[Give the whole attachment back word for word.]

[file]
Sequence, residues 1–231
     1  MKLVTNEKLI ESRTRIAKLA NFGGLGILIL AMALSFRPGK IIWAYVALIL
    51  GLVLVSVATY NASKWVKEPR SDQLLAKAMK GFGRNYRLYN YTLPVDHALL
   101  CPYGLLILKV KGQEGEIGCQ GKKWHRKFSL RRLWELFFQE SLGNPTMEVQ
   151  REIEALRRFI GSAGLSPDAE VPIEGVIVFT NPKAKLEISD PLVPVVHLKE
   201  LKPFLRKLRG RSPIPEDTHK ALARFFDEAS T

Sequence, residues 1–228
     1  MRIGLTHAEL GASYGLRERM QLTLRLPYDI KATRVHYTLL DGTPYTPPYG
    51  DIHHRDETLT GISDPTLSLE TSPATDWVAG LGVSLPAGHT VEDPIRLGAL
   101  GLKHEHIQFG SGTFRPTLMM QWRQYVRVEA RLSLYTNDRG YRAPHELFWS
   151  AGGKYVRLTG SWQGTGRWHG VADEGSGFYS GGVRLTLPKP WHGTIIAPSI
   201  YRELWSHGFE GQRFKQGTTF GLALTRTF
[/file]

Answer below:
Sequence, residues 1–231
     1  MKLVTNEKLI ESRTRIAKLA NFGGLGILIL AMALSFRPGK IIWAYVALIL
    51  GLVLVSVATY NASKWVKEPR SDQLLAKAMK GFGRNYRLYN YTLPVDHALL
   101  CPYGLLILKV KGQEGEIGCQ GKKWHRKFSL RRLWELFFQE SLGNPTMEVQ
   151  REIEALRRFI GSAGLSPDAE VPIEGVIVFT NPKAKLEISD PLVPVVHLKE
   201  LKPFLRKLRG RSPIPEDTHK ALARFFDEAS T

Sequence, residues 1–228
     1  MRIGLTHAEL GASYGLRERM QLTLRLPYDI KATRVHYTLL DGTPYTPPYG
    51  DIHHRDETLT GISDPTLSLE TSPATDWVAG LGVSLPAGHT VEDPIRLGAL
   101  GLKHEHIQFG SGTFRPTLMM QWRQYVRVEA RLSLYTNDRG YRAPHELFWS
   151  AGGKYVRLTG SWQGTGRWHG VADEGSGFYS GGVRLTLPKP WHGTIIAPSI
   201  YRELWSHGFE GQRFKQGTTF GLALTRTF